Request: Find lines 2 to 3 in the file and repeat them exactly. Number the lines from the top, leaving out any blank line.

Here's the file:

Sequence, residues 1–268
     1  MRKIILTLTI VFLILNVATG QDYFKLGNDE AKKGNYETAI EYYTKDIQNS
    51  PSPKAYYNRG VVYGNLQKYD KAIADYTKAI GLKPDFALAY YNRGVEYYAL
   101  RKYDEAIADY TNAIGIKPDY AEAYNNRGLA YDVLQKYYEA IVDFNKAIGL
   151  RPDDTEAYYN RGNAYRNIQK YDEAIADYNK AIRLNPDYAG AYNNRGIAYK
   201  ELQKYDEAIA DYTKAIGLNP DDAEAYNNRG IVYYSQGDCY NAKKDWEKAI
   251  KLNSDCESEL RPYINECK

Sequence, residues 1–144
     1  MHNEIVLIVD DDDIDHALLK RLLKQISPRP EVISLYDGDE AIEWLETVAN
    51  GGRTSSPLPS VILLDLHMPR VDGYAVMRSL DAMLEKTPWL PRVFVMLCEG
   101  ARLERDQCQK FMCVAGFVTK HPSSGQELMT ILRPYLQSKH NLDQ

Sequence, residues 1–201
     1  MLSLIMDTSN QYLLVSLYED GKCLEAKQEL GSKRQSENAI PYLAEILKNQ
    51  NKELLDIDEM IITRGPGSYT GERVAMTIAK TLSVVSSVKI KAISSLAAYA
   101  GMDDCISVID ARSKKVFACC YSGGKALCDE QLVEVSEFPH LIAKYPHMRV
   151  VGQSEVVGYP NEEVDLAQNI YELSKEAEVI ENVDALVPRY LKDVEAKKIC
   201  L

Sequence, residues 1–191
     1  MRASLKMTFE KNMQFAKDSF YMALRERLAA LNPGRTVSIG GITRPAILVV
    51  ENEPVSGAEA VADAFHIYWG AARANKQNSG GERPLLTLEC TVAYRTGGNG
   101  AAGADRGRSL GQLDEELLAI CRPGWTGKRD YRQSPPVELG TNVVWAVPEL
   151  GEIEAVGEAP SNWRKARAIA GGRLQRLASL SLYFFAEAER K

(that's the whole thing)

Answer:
     1  MRKIILTLTI VFLILNVATG QDYFKLGNDE AKKGNYETAI EYYTKDIQNS
    51  PSPKAYYNRG VVYGNLQKYD KAIADYTKAI GLKPDFALAY YNRGVEYYAL